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Silver Lining among the Clouds for Idaho’s Dairies

August 21, 2012
By: Catherine Merlo, Dairy Today Western and Online Editor google + 
Idaho dairy industry 2012
Map graphic courtesy of Idaho Dairymen's Association.  

Despite high feed costs and narrow profit margins, there’s good news for Idaho’s dairies.

First, the bad news regarding the nation’s No. 3 milk-producing state.

In Idaho, dairies representing more than 50% of the state’s milk production are in special-asset status with lenders, says Rick Naerebout with the Idaho Dairymen’s Association (IDA).

Special-asset status means the bank has transferred a loan to its “workout” department for closer scrutiny, which sometimes leads to pulling the loan or liquidating collateral.

Idaho dairies are wrestling with the double whammy of high feed costs and milk prices that are among the nation’s lowest. Feed availability and affordability are particularly big concerns for dairies in the wake of 2012’s record drought, which has gripped much of the nation, shrinking crops and sending corn prices through the roof at $8 per bu.

“Dairy margins are narrow, if existent,” says Naerebout.

2012’s downturn comes on the heels of 2009’s brutal economic downturn, which hit dairies nationwide, says Dr. Scott Brown, agricultural economist with the University of Missouri. “Even today, many dairy producers are still trying to recover from the economic hit they endured during [2009],” Brown says.

Idaho’s dairy industry is not a part of the Federal Order pricing system, and its milk prices don’t reach the levels of many other states. In 2010, Idaho’s All-Milk price trailed the Texas All-Milk price by $2.90 per cwt., says Brown. By 2011, the gap widened even further.

One factor in Idaho’s lower milk prices is its pricing formula. Producers are paid on a cheese yield formula that doesn’t take into account the value of whey in a similar fashion to the federal order minimum Class III price, says Brown. Another reason for the state’s lower prices is that Idaho milk is primarily used for producing cheese, and prices have lagged behind other dairy commodity levels. In addition, Brown says, Idaho’s milk output rate has outpaced milk growth in other parts of the U.S. The local supply and demand situation in Idaho may be contributing to the state’s lower milk prices.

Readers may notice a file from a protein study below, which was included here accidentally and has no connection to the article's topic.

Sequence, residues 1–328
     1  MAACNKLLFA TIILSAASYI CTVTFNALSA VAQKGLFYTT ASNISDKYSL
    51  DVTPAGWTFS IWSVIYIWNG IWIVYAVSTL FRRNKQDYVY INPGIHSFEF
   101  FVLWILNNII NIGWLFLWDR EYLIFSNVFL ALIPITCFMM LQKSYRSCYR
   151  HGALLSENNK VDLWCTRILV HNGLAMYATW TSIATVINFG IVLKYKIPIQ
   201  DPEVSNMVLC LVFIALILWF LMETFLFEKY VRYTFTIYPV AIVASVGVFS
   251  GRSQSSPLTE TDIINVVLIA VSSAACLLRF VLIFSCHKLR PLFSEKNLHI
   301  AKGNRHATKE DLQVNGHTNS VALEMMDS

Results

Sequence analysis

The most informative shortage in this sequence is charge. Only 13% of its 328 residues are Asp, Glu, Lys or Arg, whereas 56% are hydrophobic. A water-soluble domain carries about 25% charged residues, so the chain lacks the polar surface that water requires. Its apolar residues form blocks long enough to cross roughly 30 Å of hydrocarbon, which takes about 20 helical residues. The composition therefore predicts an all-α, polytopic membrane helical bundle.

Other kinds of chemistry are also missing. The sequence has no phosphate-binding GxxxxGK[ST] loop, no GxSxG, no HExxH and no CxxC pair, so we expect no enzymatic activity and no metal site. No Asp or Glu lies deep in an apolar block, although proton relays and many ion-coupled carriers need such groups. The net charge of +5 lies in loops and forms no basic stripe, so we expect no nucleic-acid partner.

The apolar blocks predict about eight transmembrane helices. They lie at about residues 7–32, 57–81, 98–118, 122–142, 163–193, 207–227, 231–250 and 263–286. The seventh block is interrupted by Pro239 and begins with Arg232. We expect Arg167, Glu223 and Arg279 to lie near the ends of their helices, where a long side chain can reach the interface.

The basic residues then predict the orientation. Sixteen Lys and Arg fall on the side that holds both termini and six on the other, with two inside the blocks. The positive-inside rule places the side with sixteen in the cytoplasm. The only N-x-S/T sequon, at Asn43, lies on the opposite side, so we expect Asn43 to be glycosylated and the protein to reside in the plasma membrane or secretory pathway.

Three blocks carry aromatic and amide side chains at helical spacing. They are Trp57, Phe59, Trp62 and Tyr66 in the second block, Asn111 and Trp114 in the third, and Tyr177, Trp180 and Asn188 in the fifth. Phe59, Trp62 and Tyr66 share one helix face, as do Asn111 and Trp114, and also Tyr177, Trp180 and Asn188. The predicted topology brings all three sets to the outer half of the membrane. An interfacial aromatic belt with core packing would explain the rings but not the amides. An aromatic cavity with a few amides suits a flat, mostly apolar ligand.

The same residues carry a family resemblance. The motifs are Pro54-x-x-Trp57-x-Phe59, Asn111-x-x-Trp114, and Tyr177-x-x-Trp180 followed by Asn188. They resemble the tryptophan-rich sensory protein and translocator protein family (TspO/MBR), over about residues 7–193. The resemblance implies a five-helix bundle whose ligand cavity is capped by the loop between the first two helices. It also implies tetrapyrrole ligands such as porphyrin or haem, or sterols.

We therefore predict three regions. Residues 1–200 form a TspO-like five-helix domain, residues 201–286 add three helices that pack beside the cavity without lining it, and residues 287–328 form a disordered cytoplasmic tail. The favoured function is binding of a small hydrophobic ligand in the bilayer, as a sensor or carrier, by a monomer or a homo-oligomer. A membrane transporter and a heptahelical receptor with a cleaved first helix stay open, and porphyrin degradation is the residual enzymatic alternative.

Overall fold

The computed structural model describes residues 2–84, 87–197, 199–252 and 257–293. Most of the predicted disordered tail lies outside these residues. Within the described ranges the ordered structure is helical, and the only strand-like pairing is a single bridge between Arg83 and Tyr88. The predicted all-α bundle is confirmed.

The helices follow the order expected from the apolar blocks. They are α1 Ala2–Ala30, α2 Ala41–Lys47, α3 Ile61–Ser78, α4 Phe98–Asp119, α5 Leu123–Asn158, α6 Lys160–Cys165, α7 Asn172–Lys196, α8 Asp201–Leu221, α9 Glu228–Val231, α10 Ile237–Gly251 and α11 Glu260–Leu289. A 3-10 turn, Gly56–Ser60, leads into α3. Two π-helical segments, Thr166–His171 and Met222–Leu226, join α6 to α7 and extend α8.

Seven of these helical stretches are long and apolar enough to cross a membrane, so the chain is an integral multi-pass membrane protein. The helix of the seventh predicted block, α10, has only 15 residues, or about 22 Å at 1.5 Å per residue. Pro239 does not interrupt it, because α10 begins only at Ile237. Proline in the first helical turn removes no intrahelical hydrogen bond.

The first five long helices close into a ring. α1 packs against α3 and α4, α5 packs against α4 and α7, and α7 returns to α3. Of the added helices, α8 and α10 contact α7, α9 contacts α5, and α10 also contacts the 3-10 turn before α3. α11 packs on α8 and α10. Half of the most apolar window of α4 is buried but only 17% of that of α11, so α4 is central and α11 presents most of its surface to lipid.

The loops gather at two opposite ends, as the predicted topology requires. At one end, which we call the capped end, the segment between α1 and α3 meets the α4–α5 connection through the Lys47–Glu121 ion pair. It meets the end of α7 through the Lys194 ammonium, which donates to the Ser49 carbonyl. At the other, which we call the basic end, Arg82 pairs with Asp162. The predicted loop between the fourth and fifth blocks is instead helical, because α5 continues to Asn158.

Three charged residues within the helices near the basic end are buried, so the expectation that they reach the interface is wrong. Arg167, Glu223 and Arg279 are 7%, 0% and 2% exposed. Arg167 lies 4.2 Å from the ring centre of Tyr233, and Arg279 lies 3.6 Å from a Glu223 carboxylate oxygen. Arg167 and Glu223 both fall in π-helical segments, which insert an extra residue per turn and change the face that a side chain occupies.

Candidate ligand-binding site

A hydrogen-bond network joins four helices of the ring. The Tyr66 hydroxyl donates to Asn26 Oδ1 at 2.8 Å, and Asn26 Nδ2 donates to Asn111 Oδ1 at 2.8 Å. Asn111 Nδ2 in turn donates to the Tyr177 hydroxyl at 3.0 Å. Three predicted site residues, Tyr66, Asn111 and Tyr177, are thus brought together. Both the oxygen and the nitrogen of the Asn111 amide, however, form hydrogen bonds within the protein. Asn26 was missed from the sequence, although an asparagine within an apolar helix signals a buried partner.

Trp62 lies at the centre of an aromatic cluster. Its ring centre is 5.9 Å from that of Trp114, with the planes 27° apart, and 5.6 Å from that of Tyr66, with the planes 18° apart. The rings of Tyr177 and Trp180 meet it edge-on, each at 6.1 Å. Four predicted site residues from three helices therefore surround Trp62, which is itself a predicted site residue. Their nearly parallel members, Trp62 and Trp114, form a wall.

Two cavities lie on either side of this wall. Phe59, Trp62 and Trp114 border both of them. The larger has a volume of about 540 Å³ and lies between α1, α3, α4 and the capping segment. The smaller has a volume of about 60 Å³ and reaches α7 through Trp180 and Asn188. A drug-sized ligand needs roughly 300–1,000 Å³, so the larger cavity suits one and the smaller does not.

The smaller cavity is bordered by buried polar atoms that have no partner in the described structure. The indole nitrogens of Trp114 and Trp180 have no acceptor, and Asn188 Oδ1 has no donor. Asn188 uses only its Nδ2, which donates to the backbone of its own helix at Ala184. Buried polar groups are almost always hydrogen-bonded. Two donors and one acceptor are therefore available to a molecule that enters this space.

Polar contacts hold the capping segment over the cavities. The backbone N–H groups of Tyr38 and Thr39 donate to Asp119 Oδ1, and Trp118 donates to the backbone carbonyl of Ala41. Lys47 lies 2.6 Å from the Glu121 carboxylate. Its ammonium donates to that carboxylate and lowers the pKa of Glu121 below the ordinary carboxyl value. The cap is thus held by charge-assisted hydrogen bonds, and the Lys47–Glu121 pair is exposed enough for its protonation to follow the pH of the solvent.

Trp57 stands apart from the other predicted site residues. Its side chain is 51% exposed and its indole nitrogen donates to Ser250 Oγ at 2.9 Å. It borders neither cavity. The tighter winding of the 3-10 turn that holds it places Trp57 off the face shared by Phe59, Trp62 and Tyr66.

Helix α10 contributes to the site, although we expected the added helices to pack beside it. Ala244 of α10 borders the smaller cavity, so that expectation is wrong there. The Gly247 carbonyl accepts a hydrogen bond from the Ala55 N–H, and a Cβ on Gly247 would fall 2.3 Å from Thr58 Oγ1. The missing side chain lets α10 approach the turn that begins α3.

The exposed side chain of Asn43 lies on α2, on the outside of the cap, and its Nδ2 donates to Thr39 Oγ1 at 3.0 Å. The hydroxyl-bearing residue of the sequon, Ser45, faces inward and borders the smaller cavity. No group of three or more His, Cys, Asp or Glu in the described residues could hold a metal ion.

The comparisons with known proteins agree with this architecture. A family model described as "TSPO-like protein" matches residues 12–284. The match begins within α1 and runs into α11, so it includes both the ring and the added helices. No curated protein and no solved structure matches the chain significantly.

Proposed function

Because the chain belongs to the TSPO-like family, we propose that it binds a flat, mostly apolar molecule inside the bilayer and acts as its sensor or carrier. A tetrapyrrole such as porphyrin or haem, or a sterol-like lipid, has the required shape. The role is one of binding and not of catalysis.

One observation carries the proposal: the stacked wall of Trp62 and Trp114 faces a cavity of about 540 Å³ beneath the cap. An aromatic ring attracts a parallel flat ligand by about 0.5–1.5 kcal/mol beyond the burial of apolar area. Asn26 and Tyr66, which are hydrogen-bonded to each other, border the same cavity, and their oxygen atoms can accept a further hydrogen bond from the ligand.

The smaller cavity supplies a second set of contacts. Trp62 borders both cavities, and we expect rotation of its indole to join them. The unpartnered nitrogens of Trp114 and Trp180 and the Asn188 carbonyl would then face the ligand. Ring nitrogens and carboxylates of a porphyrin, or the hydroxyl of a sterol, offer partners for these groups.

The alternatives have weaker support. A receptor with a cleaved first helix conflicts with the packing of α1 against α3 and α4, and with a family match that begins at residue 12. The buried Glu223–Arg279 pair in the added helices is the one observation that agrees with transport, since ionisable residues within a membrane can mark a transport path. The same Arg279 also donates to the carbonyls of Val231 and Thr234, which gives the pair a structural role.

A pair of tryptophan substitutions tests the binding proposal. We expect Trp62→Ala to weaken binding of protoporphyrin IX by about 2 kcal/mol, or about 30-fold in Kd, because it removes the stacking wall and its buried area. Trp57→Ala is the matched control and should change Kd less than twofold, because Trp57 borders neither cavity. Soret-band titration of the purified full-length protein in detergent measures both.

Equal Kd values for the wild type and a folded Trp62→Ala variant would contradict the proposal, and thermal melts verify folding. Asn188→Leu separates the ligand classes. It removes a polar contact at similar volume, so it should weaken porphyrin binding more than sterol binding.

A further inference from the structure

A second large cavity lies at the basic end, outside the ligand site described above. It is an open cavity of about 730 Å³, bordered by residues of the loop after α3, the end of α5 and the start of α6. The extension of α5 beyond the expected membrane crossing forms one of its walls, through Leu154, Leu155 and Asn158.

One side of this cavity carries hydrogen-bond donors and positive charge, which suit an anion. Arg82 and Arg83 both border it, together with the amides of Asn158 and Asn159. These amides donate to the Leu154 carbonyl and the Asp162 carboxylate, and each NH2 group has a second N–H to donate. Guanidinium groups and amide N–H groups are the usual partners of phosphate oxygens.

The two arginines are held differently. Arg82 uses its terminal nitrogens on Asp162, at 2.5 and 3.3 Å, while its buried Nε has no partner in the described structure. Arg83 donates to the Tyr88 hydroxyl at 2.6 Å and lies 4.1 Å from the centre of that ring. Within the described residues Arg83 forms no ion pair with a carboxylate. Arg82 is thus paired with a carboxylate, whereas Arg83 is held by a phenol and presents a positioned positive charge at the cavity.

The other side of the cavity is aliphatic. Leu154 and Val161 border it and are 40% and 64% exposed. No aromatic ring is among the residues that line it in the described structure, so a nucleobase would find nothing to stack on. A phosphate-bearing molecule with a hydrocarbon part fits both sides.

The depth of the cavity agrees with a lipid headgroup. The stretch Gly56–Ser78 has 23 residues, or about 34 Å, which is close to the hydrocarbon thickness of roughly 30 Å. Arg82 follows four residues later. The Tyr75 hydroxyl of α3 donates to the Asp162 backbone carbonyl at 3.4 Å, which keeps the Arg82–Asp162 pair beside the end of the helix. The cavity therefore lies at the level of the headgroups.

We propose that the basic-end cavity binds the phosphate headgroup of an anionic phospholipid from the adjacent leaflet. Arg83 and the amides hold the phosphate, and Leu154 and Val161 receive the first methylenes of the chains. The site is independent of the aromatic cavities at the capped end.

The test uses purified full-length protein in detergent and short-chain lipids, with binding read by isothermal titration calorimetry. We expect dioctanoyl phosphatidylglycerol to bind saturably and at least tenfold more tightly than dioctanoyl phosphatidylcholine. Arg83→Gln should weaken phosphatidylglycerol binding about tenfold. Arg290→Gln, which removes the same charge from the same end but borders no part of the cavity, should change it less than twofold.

Further, “the distance from Idaho to demand centers for milk and milk products is among the farthest in the country,” Brown says.

But that distance is narrowing, and that’s where things are starting to look up for Idaho’s 560 dairies.

Dairy food manufacturers recently have built new plants or expanded existing operations in the Gem State. Jerome Cheese (part of Davisco Foods), Sorrento, and Gossner Foods all have invested capital to increase the capacity of their Idaho plants, says Naerebout.

“The additional capacity will build competition and ideally will help increase the price of milk,” he says.

Yogurt-maker Chobani broke ground in December 2011 on a $100 million plant in Twin Falls. The company has another U.S. manufacturing plant in South Edmeston, N.Y.

The state-of-the-art, high-capacity production facility in Idaho covers 200 acres and spans 940,000 square feet.

“Chobani’s new plant means new competition from a new player,” Naerebout says. “It brings a value-added product from a company that’s more than a commodity cheese manufacturer.”

Hamdi Ulukaya, Chobani’s CEO and founder, says the company visited numerous possible sites before it decided on Idaho’s Magic Valley. “It was a hard decision to make, but in the end, we chose Twin Falls due to its abundant milk supply, skilled labor force and tight knit local community,” Ulukaya says.

Chobani’s Idaho plant will begin production in October. “The plant’s construction has had a huge community impact,” Naerebout says. “The plant will handle a significant volume of milk.”

In addition, cheese-maker Glanbia Foods broke ground in July on a Cheese Innovation Center and corporate headquarters. Based in Twin Falls for over 20 years, Glanbia will invest $15 million to build a three-story, 35,000 square foot office complex and a 14,000-square-foot research center to support the company’s growing export and new cheese product innovation efforts. The site, slated to open in spring 2013, will initially employ 100 workers with room for expansion.

“Glanbia has a bright future in southern Idaho and we are here to stay,” says Jeff Williams, the company’s president and CEO.

Another part of Idaho’s silver lining, Naerebout says, is that milk processors recently have changed the way they price milk.

“In January of this year, Jerome Cheese significantly increased the prices it pays for milk,” he says. “In April, Glanbia Foods followed suit. Those have been a big help.”

Through the first six months of 2012, Idaho produced 6.69 billion pounds of milk from 553,218 cows. That’s putting production on track to reach last year’s record output of 13.23 billion pounds. Even with the state’s heavy production, its newly added processing capacity and the slowing milk output across the U.S. seem to point to higher milk prices.

“Milk supplies are going to be tight,” says Naerebout. “If there’s any room for optimism, it’s in the hope that milk prices will outpace the increases in input costs.” 

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